Somehow I accidentally got on TV on a program where the gray-haired people discussed an important topic of our time for an hour: can we buy happiness for money. Once again, I was amazed at how limited the perception of even well-educated and people with rich life experience was, and how predictable, primitive and declarative the arguments of both sides are. The problem is not even that it is possible or impossible to buy in the process of life, but in the lack of understanding of the very essence of money as a social tool.
Money is primarily a tool for the interaction of a person with society, i.e., there is a convention according to which human labor is measured in certain conventional units of credit, which he allocates to a society, which then pays him this amount by the labor of others. Obviously, in the conditions of weak social coherence and low functional specialization of population groups, the presence of such a specialized tool is not so important (in many cases, barter exchange is enough)However, with the development of civilization, the need for a simple mechanism for measuring labor costs on some abstract scale began to grow exponentially. If at first the value of money was more or less tied to the value of material values and labor, then with the development of the financial and banking sector and a radical improvement in connectivity on a global scale over the last few hundred years.the measurement system has become a payroll system. This led to the fact that in modern conditions, although people understand the essence of lending in the financial sector, they are accustomed to monetary relationships within society, but they completely ignore the main problem of this process: objectively, credit of an individual to societylabor for moneyIt hasnegative dividend rate. 🙂
Money is a very dangerous abstraction, because the human psyche is very enthusiastic about anysimplificationinteraction with the outside world by reducing the variability of solutions and methods, and money is actually a very convenient and seemingly universal criterion for assessing dominance in the social environment.Comparison and goal-setting for a single, fairly stable criterion-vector, is so tasty fetish for consciousness that the overwhelming number of people leading active social life, willy-nilly, are in its power. At the same time, competition is constantly growing, since the number of people supporting this development paradigm is steadily increasing; Along with this, the labor costs of individuals grow to fight with an increasingly large crowd trying to outrun them on the way to the coveted golden calf, and credit to society is not a very profitable thing. In the sphere of behavioral economics, there is even such a term — money illusion, a monetary illusion — the property of people to orient themselves more toward the abstract nominal value of money rather than their purchasing power.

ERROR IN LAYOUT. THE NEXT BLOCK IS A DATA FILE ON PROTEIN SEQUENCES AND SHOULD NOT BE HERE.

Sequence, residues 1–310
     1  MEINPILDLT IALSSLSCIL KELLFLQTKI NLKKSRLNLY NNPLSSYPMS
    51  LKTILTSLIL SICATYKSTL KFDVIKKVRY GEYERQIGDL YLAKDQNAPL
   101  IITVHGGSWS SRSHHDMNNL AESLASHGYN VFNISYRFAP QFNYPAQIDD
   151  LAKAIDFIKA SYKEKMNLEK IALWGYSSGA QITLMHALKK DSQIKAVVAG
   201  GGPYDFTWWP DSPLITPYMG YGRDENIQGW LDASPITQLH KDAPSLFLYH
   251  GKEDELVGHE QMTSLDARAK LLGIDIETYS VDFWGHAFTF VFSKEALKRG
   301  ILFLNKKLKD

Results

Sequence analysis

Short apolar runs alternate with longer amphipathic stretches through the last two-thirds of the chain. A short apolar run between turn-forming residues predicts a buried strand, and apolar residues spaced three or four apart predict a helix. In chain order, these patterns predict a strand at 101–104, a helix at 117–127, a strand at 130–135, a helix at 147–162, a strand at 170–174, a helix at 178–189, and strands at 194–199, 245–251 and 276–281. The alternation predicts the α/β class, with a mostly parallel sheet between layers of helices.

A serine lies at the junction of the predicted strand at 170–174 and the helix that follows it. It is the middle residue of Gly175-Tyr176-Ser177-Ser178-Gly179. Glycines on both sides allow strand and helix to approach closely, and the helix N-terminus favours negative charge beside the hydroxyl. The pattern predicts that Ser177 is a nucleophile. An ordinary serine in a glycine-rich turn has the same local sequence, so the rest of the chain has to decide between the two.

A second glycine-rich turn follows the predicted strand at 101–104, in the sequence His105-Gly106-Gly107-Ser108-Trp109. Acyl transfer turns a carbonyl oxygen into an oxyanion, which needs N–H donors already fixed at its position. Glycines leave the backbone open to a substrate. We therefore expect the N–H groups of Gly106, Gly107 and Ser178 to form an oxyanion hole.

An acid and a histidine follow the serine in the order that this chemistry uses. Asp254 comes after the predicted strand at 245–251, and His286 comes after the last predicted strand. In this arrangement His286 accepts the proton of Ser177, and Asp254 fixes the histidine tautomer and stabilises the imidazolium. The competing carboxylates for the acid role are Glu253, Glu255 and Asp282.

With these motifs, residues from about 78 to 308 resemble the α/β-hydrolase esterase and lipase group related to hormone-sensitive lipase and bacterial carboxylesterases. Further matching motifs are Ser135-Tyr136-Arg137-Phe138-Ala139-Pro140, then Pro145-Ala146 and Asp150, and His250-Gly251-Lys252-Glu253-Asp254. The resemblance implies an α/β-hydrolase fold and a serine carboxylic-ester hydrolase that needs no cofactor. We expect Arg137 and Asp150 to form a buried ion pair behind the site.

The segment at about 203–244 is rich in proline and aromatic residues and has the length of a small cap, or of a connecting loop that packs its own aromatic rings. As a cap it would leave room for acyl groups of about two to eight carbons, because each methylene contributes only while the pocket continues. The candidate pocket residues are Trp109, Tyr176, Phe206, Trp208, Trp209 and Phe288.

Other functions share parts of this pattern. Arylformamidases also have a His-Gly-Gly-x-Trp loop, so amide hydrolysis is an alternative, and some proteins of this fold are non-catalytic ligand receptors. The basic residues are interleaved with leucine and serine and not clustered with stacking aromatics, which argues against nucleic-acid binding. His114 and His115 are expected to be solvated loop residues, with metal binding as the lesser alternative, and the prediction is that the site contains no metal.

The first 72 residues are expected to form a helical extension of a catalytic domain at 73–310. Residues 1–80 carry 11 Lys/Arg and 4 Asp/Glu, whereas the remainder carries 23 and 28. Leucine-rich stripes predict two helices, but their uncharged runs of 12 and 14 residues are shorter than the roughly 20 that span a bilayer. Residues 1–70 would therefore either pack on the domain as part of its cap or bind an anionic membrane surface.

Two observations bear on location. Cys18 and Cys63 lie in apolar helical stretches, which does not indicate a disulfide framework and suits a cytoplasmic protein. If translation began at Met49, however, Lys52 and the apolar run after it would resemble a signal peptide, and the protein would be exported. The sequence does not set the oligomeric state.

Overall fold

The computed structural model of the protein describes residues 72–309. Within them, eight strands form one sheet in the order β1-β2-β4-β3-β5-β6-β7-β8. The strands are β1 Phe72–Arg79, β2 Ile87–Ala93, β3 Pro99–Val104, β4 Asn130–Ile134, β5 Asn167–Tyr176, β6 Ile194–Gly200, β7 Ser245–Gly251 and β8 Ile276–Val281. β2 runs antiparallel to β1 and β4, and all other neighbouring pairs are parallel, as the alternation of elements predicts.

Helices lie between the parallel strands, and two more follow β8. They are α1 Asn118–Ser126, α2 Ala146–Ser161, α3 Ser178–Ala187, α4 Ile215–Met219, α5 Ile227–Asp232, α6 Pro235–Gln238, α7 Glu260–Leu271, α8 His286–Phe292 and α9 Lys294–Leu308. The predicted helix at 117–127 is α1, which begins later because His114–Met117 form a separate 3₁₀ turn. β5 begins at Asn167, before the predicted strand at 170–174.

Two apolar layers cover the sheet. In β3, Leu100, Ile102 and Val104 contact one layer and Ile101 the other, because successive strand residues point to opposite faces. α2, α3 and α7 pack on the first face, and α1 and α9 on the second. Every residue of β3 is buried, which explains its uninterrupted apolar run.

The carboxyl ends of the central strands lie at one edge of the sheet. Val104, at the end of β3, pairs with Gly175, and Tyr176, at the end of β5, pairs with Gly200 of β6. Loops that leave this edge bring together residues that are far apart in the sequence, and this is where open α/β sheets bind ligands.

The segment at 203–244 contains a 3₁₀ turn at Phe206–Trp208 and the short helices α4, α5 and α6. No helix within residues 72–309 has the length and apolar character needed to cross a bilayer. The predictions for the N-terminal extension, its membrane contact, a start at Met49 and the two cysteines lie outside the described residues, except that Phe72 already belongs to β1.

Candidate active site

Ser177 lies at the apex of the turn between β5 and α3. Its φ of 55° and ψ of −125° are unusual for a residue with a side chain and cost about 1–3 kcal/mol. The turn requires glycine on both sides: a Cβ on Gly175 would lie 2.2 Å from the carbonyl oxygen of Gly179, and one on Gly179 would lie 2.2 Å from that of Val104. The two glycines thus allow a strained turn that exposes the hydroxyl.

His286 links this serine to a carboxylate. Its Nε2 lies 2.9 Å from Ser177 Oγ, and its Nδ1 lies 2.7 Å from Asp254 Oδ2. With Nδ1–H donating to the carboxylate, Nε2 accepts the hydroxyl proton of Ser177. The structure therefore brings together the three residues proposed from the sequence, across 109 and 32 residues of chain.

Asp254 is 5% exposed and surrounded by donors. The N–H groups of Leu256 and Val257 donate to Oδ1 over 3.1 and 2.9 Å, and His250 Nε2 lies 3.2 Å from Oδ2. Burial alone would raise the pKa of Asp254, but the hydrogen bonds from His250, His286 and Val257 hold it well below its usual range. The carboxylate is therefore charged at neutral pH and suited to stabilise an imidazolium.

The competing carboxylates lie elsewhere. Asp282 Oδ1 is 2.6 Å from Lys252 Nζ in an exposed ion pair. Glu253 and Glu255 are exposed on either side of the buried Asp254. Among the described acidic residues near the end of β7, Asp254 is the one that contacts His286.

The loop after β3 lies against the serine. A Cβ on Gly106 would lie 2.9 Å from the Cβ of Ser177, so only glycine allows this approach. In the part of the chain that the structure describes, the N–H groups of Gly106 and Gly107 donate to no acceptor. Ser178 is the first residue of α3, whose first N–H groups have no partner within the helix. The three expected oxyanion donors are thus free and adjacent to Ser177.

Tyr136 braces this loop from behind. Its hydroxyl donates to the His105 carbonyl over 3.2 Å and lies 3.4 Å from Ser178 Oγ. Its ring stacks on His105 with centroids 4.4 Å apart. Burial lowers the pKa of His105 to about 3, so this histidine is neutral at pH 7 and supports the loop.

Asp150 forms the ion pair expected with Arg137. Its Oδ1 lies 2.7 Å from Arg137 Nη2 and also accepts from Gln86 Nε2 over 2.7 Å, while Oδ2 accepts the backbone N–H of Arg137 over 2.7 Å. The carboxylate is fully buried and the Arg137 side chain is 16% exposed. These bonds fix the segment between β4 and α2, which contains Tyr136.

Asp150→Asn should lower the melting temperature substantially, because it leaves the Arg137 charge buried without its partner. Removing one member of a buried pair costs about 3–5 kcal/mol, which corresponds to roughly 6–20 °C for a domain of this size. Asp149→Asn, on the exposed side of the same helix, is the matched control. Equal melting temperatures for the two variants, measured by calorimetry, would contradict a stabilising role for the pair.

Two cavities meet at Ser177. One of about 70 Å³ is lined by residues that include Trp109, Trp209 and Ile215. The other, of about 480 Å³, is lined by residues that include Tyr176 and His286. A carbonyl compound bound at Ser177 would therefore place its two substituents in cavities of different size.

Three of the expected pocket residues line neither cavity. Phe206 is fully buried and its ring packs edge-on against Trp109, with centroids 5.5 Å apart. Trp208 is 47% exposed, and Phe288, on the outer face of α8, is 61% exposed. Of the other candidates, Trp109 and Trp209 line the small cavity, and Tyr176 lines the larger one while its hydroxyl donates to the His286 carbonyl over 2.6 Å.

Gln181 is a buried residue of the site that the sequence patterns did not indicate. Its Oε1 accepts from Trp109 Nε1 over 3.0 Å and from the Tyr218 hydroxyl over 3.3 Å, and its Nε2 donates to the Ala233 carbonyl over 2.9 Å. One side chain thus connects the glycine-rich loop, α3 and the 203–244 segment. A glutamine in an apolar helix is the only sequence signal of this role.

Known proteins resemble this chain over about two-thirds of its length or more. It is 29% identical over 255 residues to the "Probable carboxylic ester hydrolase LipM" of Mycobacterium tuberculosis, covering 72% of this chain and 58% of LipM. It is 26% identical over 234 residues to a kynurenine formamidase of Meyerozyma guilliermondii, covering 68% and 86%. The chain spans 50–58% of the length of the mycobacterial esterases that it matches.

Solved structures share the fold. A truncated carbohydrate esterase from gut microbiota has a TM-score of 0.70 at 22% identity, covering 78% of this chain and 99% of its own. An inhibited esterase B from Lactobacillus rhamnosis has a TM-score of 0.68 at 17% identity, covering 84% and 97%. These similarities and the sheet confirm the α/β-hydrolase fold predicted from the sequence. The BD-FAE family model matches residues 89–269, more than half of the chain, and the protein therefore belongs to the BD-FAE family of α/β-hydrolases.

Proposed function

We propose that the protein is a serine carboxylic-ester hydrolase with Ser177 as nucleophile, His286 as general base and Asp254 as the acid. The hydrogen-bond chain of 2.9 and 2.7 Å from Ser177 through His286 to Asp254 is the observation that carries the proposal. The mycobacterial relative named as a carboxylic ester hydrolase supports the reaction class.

A person usually makes decisions much easier, using abstractions rather than real things (which is why stock markets are often much closer to playing poker than making cold calculations, bringing volatility and instability in the wake of changing players' moods), resulting in unrealistic loans, derivatives are traded, customers and buyers are misled for risk, and so on. Money is just one of these abstractions.Even such an insignificant level of abstraction as the transition from paper money to credit cards can significantly change a person’s cautious attitude towards spending - let alone talk about the direct migration of labor assessment into money. 🙂
Unfortunately, what is happening today with the global financial sphere is also viewed not at all from the point of view from which this problem can be correctly assessed (or, at least, it is not voiced this aspect publicly). Now there is a catastrophic decline in the value of money in relation to the psychological value of labor, because people are trying by any means to compensate for labor costs with all the falling ratio of dominance / financial resources. This problem could be solved by diversifying the dominant spheres in society into radically different areas, but this is almost impossible with the current speed of the locomotive of civilization - the dispersion is constantly decreasing and the situation is getting worse.
So is it possible to buy happiness for money?For money, you can buy only a place in the dominant rank of society. Many perceive happiness as a function of social status - for them the illusion of the influence of the financial component on happiness will be very bright,but the profitability of solving this problem in life will be very low. One of the side effects of such a choice is the “time is money” syndrome, which puts life time on a lower level of hierarchy in priorities than an abstract resource value. In fact, the time of human life has no specific value - it is priceless for an individual and costs practically nothing for society; the desire to give their life to society for commodity-money outsourcing is an extremely disadvantageous way to feel happy.